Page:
The deadline to convert the franchise tag to a long-term deal is about a month away, which gives the Dallas Cowboys front office plenty of time to get a deal done with Lawrence.
If the Dallas Cowboys were to get an extension done, with some creative structuring of the contract they could cut his salary cap figure. If the Cowboys placed the franchise tag on him again during the 2019 offseason, which is a real possibility, his guaranteed contract would be $20.4 million.
Let's look at Olivier Vernon's deal as a template for what DeMarcus Lawrence could get through a contract extension:
- In 2016, Vernon signed with the New York Giants in free agency a five-year, $85-million contract with $40-million guaranteed (47.1%) and a $20-million signing bonus.
- His year one cap figure was $13 million. A $1.75-million base salary, $7 million as a roster bonus, and $4 million as part of his prorated signing bonus that was spread out over the life of the contract.
Vernon had only one season with more than 10 sacks when he had 11.5 in his second year as a pro, but was consistently healthy. DeMarcus Lawrence had an elite season in 2017, but has had injury struggles throughout his career. 2017 was the first time he'd started all 16 games.
If you go to OverTheCap.com and look at the guaranteed portions of contracts for the top earning 4-3 defensive ends, you'll see that Jacksonville Jaguars DE Calais Campbell and the Cleveland Browns' Myles Garrett are the only players that come close. Their guaranteed money is at or just over $30-million dollars.
Vernon's deal was an above market value contract at the time, but could be the range that Lawrence and his representatives are looking at to get Tank paid.
Through the franchise tag alone, we're talking about a minimum of $37.4-million guaranteed that could go to Lawrence over the next two years. That would be just under Vernon's guaranteed numbers, and though Vernon's contract was above market value, that is probably where Lawrence's deal will have to start.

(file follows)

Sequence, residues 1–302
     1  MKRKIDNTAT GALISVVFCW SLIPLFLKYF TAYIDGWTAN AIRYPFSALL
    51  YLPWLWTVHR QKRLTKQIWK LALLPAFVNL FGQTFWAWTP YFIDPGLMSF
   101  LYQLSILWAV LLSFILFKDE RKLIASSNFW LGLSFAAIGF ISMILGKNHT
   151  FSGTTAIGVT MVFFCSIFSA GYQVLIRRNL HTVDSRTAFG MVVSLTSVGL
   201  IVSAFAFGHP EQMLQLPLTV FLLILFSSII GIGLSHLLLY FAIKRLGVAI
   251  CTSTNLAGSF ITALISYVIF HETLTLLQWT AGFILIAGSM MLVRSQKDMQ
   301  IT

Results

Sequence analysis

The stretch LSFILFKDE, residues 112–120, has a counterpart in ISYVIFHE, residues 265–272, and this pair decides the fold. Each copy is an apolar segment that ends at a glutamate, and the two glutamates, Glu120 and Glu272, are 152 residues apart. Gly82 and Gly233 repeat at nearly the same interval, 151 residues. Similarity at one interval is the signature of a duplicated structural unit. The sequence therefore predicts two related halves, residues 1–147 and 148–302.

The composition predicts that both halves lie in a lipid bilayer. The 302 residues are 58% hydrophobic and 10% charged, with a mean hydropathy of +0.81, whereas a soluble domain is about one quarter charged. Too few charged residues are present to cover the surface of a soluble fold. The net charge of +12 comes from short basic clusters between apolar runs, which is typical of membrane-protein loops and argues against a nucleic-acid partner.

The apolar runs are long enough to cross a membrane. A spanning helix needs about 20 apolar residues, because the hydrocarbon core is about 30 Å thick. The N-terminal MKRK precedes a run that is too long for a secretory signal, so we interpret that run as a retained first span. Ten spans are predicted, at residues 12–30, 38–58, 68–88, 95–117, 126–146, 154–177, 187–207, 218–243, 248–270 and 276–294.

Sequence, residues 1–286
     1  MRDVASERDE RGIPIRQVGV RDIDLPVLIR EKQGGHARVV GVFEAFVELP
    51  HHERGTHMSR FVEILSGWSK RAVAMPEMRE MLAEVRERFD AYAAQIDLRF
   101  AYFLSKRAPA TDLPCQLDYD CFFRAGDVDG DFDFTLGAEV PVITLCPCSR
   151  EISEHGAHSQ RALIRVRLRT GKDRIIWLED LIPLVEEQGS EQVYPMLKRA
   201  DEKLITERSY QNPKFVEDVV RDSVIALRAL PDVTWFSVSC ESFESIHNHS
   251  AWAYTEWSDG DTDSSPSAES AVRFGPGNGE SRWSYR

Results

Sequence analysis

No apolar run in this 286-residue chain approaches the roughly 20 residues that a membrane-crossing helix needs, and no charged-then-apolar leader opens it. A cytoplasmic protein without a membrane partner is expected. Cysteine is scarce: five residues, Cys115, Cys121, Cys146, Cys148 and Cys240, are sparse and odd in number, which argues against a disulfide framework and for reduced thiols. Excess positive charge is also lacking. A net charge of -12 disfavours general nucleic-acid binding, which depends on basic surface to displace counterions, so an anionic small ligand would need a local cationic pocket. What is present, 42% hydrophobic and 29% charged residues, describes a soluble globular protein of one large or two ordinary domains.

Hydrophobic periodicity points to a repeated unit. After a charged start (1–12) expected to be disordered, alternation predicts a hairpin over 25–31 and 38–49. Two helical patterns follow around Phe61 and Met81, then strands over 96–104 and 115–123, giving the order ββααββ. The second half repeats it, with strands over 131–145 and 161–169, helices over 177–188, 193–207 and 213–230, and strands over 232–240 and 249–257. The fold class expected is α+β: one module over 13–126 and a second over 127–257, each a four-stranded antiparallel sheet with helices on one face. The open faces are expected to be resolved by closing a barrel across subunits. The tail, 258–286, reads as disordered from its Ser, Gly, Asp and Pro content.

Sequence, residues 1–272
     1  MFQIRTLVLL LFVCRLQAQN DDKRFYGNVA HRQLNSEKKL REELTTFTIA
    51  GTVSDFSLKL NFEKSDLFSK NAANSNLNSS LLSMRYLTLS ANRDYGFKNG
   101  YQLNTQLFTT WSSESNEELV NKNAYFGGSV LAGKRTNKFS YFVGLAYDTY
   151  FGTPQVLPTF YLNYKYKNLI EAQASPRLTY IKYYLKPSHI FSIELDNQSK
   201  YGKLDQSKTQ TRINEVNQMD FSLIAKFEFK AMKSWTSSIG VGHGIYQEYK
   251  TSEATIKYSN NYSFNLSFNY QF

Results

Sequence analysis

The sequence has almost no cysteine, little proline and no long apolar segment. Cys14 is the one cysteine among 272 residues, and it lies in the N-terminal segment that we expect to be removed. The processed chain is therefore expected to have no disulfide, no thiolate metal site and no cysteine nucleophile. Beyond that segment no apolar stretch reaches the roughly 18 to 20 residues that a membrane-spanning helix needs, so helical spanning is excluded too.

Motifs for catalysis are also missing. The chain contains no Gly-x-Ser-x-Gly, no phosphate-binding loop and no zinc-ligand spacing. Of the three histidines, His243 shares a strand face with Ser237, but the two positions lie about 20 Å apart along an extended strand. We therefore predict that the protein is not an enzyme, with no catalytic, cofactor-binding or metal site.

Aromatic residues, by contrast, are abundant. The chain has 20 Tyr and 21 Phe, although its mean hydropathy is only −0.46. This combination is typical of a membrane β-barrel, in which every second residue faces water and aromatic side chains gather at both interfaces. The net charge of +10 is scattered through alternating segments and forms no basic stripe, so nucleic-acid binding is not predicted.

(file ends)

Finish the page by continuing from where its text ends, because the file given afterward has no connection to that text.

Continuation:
You can thank the New York Giants for paying Vernon above market value, which is probably leading to some of the contract negotiation difficulties between the Dallas Cowboys and Lawrence's representatives.
With all of that said, here's what I'd estimate Lawrence's deal to look like if it were to get signed before July 16th, when franchise tags become official for the 2018 season.
5 years for $90 million, $18 million per year, with $44-million guaranteed, and a $24-million signing bonus.
That would make him the highest paid 4-3 defensive end in NFL history, and if 2017 is any sign of future production, he's well worth it.
That may seem like a rich contract, but considering that Zack Martin just got $40-million guaranteed to play a position that is not nearly as valued as EDGE, it makes sense that Lawrence would get more.
The Dallas Cowboys may let him play this season on the franchise tag, but that would mean they will probably have to use it again next year to try to get a long-term deal negotiated with him in the 2019 off-season.
The sooner they get a deal done with Tank, the better as his play will only drive his contract up.
Dak Prescott, Quarterback
Dak Prescott is headed for a big payday. Remember, before the final eight games of the 2017 season, Prescott had led the Cowboys to an 18-6 record over his first 24 games. His 22-10 record, which includes the offense's late season meltdown, is still pretty impressive during a quarterback's first two years in the NFL.
Only one quarterback since the 1970 AFL-NFL Merger had more wins in their first two seasons than Dak Prescott's 22: Russell Wilson. And we know the kind of defense the Seattle Seahawks were working with at the time.
Dak Prescott had a terrible second half of 2017, as did the rest of the offense, but don't let that cloud your judgment of what kind of player he is. Remember, in his rookie season he had the third highest passer rating behind Tom Brady and Matt Ryan at 104.9.
Over the first eight games of 2017, his passer rating was 97.9 and he had a 16:4 touchdown to interception ratio. That includes the 68.8 passer rating in Denver when the entire team fell flat in the week two destruction at the hands of the Broncos.